It’s been a fun week but a sad one too as I learned on Tuesday about the passing of NFL legendary Hall of Fame coach John Earl Madden, who died at the age of 85. For more than three decades, his iconic presence brought brilliant color to football commentary which ESPN called “one of the most influential TV analysts of all time.”
In sending my condolences to Steve Mariucci, former San Francisco 49ers coach and NFL Network commentator, he told me he learned of John Madden’s passing five minutes before going on the air with the NFL Network. He tweeted Madden will “be missed by every generation.” Hall of Famer Ronnie Lott also posted a touching sentiment, describing how the iconic commentator was a “blessing to us all.”
As we mourn John Madden’s death in the last week of 2021, we also remember the leadership lessons he leaves behind. Here are just a few:
Great things can come from bad situations, which is why optimism and hard work are key. Madden grew up in Daly City, where, in the third or fourth grade at Our Lady of Perpetual Help, he developed a lifelong friendship with John Robinson, former coach at USC. Madden earned all-California Collegiate Athletic Association honors as an offensive lineman at Cal Poly. In 1958, he was drafted in the 21st round by the Philadelphia Eagles but a knee injury kept him sidelined and he never played a game.
Madden never gave up his dream of football and instead went to work at San Diego State where he served as coach Don Coryell’s defensive coordinator. It was there he caught the attention of Raiders owner Al Davis. He was brought on in 1967 as a linebacker coach and two years later, at just 32 years old, he became one of the youngest coaches in NFL history. It took a lot to get from a knee injury to a record-setting coach but as Madden once said, “The road to easy street goes through the sewer.”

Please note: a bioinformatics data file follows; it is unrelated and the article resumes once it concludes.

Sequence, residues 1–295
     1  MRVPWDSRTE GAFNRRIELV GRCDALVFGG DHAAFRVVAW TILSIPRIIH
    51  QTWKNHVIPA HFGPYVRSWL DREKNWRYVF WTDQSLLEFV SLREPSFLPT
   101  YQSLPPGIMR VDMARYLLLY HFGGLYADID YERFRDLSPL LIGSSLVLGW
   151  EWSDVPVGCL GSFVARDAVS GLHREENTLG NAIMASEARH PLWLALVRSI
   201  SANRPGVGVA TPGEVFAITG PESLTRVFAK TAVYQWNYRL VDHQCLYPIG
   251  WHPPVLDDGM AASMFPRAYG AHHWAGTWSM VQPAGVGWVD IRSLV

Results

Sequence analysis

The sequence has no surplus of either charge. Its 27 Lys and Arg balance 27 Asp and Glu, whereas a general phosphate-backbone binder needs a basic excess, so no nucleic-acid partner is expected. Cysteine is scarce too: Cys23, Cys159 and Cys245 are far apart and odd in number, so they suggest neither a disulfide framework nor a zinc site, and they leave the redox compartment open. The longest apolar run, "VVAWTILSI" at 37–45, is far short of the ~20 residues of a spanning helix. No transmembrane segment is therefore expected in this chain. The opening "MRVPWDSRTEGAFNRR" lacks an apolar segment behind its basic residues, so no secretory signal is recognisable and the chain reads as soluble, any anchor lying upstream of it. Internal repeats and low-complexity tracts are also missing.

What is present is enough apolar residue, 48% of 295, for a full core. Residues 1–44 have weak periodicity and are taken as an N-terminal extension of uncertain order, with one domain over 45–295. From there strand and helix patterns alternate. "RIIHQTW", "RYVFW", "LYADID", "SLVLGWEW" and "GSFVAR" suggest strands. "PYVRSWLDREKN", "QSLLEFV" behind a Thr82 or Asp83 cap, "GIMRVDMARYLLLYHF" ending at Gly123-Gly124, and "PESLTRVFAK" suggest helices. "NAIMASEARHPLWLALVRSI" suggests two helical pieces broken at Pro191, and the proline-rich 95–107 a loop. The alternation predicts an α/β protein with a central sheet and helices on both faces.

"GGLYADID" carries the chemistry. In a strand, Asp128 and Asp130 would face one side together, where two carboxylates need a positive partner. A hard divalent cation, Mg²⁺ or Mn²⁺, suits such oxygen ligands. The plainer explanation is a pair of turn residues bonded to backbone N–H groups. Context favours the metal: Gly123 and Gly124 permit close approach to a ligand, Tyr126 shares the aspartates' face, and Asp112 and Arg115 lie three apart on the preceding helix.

He never gave up on his Wildly Important Goal of winning a Super Bowl with the Raiders. While John Madden brought the Raiders into the NFL elite, it wouldn’t be until the 1976 season when Oakland won its first Super Bowl, defeating the Minnesota Vikings. As the game concluded, the legendary announcer Bill King said, “John Madden’s grin is from ear to ear, he looks like a split watermelon.” Madden would retire after 10 seasons and 103 wins with the Raiders, a franchise record (his regular-season record was 103-32-7) and at .759, Madden had the highest winning percentage of any coach in NFL history with more than 100 games. The next coach on the list? His idol, Vince Lombardi. This record is a testament to perseverance against all odds. It’s funny that such a successful coach should have one of my favorite quotes about leadership but it’s true. Madden once said, “It doesn’t matter if the horse is blind, just load the wagon.” He also once said, “You can’t win a game if you don’t score any points.”
Success takes on many forms. After coaching, Madden reinvented himself by taking a job as a TV commentator with CBS Sports. Immediately, he was recognized for his brilliant color commentary and big personality. Between 1979 and 2009, he worked for all four major American TV networks and commentated for 11 Super Bowls. In 2002, he won the Football Hall of Fame’s Pete Rozelle Radio and Television Award and four years after that he was officially inducted into the Hall of Fame. During his speech he said with characteristic humility: “Today feels like the second time in my life I’m being carried off the shoulders of others.”
Find a way around your fear. When Madden first got on camera, Pat Summerall says he was looking extremely anxious. “I remember thinking he was nervous about being on camera,” he said. What Summerall didn’t realize at the time was that Madden suffered from extreme fear of heights and claustrophobia. The fear was so bad, he wouldn’t fly to games and instead traveled in the famed “Madden Cruiser,” a large bus with its name emblazoned on the side. Madden once said, “I’m not afraid of flying, I just fear I’m going to die.”
He loved what he did, and it was truly his calling. Recalling his decades-long career with the NFL, Madden said, “I’ve never worked a day in my life. I went from player to coach to a broadcaster. I am the luckiest guy in the world.”
So, what’s the message? Let’s let John Madden have the last say, with a few words about not taking yourself too seriously and finding the joy in life as we prepare ourselves for the new year: “I never professed to be perfect. I do something wrong or something stupid, I laugh at myself.”
This article is adapted from Blefari’s weekly, company-wide “Thoughts on Leadership” column from HomeServices of America.